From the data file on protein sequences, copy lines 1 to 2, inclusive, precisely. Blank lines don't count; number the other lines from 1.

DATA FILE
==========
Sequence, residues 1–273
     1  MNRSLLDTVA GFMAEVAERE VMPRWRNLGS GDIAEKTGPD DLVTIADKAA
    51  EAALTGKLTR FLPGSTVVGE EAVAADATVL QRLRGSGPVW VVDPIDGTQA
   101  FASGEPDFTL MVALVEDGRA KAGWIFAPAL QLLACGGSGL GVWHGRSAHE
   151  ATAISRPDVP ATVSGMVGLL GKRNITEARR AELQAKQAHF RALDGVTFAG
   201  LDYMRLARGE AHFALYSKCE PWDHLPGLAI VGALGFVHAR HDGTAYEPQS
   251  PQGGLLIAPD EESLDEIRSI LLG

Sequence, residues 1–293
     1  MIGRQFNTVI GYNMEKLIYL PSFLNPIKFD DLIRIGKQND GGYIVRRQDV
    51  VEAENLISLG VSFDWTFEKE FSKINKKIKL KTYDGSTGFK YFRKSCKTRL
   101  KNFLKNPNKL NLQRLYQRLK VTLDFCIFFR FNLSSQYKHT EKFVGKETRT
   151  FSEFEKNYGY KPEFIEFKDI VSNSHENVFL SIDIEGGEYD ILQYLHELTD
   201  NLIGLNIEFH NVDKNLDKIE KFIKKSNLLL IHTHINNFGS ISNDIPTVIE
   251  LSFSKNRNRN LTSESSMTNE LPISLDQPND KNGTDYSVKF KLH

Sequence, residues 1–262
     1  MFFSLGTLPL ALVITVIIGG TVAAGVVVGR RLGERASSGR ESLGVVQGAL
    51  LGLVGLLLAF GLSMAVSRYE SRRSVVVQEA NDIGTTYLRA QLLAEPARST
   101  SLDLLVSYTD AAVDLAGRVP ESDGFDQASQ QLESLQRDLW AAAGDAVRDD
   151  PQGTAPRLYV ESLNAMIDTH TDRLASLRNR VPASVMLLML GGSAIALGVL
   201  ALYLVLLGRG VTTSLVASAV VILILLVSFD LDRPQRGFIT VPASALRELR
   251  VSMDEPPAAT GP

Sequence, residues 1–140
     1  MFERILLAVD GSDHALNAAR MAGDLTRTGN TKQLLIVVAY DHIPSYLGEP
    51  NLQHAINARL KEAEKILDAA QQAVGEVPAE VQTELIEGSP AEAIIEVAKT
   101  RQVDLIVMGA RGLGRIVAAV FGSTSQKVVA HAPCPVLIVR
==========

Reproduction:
Sequence, residues 1–273
     1  MNRSLLDTVA GFMAEVAERE VMPRWRNLGS GDIAEKTGPD DLVTIADKAA